We will, first, this morning, consider the question; and then we will listen to the lessons which it is calculated to teach.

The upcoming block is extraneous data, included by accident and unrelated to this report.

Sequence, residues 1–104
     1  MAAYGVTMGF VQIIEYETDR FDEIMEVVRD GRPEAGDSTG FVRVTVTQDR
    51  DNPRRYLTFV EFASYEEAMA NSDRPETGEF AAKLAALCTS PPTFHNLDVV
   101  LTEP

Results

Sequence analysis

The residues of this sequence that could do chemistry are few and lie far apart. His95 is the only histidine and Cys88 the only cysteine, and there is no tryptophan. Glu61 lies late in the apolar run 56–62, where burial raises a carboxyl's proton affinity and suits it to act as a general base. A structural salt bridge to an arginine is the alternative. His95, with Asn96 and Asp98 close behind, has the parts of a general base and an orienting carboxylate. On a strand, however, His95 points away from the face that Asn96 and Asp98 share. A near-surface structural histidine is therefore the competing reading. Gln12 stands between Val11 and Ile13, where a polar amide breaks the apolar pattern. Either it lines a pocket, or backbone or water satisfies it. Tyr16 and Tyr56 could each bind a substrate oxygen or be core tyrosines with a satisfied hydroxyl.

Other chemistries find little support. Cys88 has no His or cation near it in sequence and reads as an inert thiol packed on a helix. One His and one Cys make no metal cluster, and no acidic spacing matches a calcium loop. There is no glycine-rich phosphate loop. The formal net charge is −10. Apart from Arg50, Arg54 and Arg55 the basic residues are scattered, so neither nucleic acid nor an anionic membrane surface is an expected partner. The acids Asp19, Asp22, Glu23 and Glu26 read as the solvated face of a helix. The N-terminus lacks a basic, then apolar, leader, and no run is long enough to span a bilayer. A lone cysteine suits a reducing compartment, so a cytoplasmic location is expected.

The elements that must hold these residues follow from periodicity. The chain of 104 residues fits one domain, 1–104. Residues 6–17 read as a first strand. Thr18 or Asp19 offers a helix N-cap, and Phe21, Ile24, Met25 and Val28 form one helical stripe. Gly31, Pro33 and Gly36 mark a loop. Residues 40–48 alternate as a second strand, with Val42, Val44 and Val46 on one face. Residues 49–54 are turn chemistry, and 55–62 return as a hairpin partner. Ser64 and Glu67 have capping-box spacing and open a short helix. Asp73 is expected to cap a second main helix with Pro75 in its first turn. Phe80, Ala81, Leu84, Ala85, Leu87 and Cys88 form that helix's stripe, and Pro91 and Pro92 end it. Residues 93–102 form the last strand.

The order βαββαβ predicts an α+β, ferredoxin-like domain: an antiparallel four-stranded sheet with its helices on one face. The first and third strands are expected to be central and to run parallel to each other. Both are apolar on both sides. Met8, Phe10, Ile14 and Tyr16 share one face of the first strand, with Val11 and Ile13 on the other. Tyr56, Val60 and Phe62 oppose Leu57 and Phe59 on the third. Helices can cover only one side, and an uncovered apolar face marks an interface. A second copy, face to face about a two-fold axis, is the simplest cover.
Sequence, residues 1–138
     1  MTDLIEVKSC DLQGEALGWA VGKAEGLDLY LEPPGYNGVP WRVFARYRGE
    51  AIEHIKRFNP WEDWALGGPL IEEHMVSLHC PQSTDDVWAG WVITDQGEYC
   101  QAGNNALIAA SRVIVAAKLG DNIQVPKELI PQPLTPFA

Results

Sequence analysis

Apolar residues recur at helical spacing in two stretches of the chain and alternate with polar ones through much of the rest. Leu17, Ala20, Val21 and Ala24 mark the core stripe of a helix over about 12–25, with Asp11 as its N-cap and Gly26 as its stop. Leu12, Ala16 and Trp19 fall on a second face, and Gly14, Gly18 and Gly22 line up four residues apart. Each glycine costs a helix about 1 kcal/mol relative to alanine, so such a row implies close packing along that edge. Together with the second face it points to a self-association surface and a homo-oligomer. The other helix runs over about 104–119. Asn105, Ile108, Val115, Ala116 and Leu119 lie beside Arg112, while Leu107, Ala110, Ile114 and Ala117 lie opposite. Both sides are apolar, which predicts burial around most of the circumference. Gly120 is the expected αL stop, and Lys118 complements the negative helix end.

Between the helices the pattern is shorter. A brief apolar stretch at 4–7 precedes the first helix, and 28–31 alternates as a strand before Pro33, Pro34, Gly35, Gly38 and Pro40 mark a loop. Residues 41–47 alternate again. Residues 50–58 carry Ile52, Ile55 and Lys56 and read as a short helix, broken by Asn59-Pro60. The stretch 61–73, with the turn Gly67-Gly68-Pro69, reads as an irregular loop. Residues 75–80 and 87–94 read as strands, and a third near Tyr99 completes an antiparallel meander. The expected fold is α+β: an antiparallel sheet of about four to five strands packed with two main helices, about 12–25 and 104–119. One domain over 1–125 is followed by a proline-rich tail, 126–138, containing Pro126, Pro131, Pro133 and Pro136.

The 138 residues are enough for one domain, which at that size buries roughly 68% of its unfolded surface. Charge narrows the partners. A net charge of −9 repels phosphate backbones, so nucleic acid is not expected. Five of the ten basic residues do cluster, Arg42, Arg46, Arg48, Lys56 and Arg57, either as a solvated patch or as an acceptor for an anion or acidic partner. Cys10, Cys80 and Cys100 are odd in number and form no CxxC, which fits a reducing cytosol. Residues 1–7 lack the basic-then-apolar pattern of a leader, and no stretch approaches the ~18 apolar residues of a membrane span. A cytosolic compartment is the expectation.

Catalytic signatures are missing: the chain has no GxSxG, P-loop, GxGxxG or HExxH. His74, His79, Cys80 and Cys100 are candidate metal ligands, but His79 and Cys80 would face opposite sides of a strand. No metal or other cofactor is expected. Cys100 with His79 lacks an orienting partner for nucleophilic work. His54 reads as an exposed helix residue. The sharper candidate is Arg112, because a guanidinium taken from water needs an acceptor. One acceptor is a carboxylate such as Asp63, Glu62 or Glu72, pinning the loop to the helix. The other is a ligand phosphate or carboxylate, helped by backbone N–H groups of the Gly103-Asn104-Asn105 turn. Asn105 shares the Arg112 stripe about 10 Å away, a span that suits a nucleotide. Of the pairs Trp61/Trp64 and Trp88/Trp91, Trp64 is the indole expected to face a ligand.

I. I want you to consider THE QUESTION. In some respects it is a vital question. I shall not be playing about the outskirts of religion now, but plunging into its very centre. This question has nothing to do with the sect to which you belong, nor with the particular condition in which your mind may happen to be for the present hour; it is an enquiry which touches the heart of the man and the inmost life of his spirit. “Have ye received the Holy Ghost since ye believed?” For, remember, the Holy Ghost is the author of all spiritual life. Life does not lie latent in natural men for themselves to stir it up, but until the Holy Ghost visits them, they are dead in trespasses and sins. If, when you believed, you had not a life imparted by the Holy Spirit, your believing was a dead believing, the mere counterfeit of living faith, and not the faith of God’s elect. If the Holy Ghost has not been with you since your conversion, every act of your religion has been formal, dead, and unaccepted. In vain have you tuned your formal songs; in vain have you attempted to adore; your Hosannahs have languished on your tongues, and your devotion has fallen like a corpse before the altar. If the Holy Ghost is not there, life is not there: your many prayers have been mockeries; your joys have been delusions, your griefs have been carnal. That which is born of the flesh is flesh, and nothing better; let that flesh be washed and cleansed, yet all that comes of it is flesh; only that which is born of the Spirit is spirit. There must, then, be a work from heaven, a work of the Holy Ghost upon the heart, or else you have not believed unto life, and you still abide in death.